"Timbuktu" Review


           A couple weeks ago on the HBO show Real Time with Bill Maher, when the “What do we do about ISIS?” question was proposed, one of the guests on the panel, a GOP strategist named Mercedes Schlapp adamantly said, “Bomb ISIS! Bomb the hell out of them!” The militantly liberal crowd responded with a collective gasp, as did some of the members of the panel. In Hollywood that particular answer to the “What do we do about ISIS?” question may seem foreign and extreme. But in many areas of the country it is a common response, it is one that I find to be a rash and stupid solution to a very complex problem. You can’t bomb the bad guys without killing some of the good guys; that much is clear. “Timbuktu” a film written and directed by Abderrahmane Sissako seeks to take the viewer inside one of these areas that Mrs. Schlapp so bluntly proposed to “bomb the hell out of”. The film seeks to show many things, but perhaps the most important is that these areas inhabited by ISIL are filled with many types of people, lots of whom may want nothing more than to survive.

            The film takes place in Timbuktu, a town in Mali, located in Northwest Africa. It examines the effects of the town being occupied by militant Islamists donning the flag of ISIL, which actually happened in 2012 though the film does not specify that to be the time period in which it occurs. Several different characters and storylines make up the film, the most prominent of which is the story of Kidane (Ibrahim Ahmed dit Pino), a cattleman living on the outskirts of the city. Kidane feeds his family by his cattle business, but his true passion is for music. Kidane spends his days with his wife and daughter, playing his guitar for them and keeping their spirits up in this time of distress. Kidane is only interested in providing for his family who he loves so dearly, and the ISIL occupation has put extreme pressure on his ability to live peacefully.

            A recurring theme in the film is that of hypocrisy amongst the occupying jihadists. They enforce absurd rules on the townspeople such as: no smoking, no music, no dancing, no soccer, and a series of dress codes including women must wear gloves and veils; men cannot wear pants with legs that touch the ground. These rules are arbitrary and ridiculous and there are several scenes showing the jihadists themselves breaking the rules whether it be sneaking cigarettes or chatting about international soccer.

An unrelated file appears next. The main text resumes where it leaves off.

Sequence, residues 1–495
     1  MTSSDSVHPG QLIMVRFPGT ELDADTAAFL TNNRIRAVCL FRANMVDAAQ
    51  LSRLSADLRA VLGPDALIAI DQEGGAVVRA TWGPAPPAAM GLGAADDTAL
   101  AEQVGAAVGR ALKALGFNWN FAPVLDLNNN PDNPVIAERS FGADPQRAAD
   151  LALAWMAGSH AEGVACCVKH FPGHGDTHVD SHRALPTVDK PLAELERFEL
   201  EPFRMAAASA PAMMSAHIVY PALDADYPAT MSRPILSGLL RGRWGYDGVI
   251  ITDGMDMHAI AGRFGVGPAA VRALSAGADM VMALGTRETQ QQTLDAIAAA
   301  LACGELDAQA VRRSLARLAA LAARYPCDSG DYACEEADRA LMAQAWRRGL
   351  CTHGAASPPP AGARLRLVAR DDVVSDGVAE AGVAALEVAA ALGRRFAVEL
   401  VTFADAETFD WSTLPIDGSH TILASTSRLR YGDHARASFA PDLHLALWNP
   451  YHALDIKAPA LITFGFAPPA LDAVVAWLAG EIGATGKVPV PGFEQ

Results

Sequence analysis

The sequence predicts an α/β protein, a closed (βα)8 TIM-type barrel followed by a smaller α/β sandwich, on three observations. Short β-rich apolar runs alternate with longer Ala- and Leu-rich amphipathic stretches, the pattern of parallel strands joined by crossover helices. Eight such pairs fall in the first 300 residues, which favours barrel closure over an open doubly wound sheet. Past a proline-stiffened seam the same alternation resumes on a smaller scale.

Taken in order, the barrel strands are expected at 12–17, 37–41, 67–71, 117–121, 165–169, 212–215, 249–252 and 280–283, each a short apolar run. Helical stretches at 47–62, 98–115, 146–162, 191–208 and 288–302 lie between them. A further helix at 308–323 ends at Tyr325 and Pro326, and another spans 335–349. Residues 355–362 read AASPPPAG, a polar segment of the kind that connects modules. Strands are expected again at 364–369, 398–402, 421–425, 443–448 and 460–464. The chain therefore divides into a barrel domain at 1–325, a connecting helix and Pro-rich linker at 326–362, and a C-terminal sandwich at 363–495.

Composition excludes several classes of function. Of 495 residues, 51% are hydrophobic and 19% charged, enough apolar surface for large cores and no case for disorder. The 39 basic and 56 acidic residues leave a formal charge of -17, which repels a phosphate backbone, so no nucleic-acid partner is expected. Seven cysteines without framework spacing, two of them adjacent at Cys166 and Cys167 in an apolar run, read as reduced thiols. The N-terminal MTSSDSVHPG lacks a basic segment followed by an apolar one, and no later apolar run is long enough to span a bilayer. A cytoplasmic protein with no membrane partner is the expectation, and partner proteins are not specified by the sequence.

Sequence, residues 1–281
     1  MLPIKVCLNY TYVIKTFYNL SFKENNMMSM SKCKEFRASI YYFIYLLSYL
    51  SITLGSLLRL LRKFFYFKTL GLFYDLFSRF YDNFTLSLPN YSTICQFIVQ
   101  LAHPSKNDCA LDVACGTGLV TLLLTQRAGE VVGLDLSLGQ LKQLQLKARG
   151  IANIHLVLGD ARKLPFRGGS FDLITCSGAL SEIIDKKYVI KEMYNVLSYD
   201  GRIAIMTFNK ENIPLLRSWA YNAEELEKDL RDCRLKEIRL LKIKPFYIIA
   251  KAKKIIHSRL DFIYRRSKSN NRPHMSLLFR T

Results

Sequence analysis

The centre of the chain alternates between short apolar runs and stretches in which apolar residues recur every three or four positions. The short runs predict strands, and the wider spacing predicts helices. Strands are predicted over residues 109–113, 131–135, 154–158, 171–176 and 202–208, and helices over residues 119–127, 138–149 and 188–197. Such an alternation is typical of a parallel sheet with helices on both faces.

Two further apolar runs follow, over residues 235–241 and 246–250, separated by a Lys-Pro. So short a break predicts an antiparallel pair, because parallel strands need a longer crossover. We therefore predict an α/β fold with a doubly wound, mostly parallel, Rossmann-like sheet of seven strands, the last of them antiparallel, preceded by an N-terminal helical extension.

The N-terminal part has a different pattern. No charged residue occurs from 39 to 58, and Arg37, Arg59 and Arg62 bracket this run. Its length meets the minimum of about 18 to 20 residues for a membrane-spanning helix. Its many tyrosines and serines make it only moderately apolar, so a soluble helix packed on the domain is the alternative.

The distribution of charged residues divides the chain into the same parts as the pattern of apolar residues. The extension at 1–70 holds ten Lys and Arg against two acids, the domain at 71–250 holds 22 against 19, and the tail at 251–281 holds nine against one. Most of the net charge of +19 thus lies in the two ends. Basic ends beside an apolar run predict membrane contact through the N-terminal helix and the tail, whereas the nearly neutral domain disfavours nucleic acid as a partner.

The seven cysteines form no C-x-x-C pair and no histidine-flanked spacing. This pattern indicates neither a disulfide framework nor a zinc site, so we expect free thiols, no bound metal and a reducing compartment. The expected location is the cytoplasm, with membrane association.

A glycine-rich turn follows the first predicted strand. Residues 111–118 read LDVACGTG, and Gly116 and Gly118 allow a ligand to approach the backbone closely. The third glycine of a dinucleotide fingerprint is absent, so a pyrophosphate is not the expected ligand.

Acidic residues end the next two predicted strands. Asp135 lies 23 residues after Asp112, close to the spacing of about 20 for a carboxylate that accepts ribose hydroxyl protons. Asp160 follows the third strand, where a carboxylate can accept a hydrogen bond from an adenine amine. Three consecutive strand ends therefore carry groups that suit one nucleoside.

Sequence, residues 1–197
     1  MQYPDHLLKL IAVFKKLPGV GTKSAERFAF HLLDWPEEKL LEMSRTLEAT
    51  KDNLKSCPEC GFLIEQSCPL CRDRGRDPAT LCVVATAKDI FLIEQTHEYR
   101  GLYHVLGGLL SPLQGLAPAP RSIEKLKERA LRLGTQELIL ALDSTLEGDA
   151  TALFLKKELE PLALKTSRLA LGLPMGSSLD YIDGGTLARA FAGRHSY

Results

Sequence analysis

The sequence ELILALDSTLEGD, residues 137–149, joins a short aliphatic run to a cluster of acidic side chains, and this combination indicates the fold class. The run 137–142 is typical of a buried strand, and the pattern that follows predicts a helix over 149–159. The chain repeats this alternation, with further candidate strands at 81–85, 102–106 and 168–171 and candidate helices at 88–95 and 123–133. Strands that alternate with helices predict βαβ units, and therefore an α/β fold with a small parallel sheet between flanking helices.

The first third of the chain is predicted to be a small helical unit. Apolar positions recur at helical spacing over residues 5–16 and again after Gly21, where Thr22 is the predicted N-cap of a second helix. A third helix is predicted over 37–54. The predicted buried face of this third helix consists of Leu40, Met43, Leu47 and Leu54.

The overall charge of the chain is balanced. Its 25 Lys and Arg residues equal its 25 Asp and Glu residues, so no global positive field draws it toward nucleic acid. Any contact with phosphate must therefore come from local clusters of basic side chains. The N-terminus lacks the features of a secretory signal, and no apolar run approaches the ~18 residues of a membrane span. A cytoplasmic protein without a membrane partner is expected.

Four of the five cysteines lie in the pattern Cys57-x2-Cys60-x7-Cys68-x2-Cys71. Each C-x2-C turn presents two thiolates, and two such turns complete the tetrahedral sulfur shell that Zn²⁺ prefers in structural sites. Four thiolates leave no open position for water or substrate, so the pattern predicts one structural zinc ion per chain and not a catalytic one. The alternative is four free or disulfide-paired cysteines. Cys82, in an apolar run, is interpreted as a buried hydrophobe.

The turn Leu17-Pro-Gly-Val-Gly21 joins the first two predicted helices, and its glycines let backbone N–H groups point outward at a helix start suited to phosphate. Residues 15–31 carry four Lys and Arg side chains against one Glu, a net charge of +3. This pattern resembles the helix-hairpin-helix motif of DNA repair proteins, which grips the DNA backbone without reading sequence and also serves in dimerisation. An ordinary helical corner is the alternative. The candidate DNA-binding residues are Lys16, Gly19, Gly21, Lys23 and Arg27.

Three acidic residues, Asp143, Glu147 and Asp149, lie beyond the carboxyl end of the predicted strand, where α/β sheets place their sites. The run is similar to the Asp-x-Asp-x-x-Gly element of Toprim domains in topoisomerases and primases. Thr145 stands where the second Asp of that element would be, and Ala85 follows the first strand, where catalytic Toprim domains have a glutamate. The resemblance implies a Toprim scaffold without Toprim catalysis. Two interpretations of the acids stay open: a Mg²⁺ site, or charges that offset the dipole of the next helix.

Unfortunately for the townspeople, a violation of the rules will not result in just a frown as it does for the enforcers. A woman selling fish without gloves is arrested because of her offense, a woman caught playing music is given 70 lashes, and a man and a woman caught in adultery are buried up to their heads and stoned to death for their violation of “God’s law”. Sissako shoots the scenes of brutality with vividness, showing the first and last rocks smacking against the stand-alone heads; yet he doesn’t go so far as to overdo the violence, showing just enough to make an impression on the viewer while not defining the film by the horror.

            While the film jumps around to several different storylines sporadically, some of which I found convoluted and ultimately inconclusive, the overall tone of “Timbuktu” was one of strong resistance and criticism to the Islamic radicalism that is so prevalent today. For me, the film provided what felt like a first-hand look at everyday life in an area occupied by radical Islamists. There are the bad guys, and then there is everyone else just trying to survive. Mrs. Schlapp should keep the larger group in mind next time she tries to answer the most complex situation of this decade.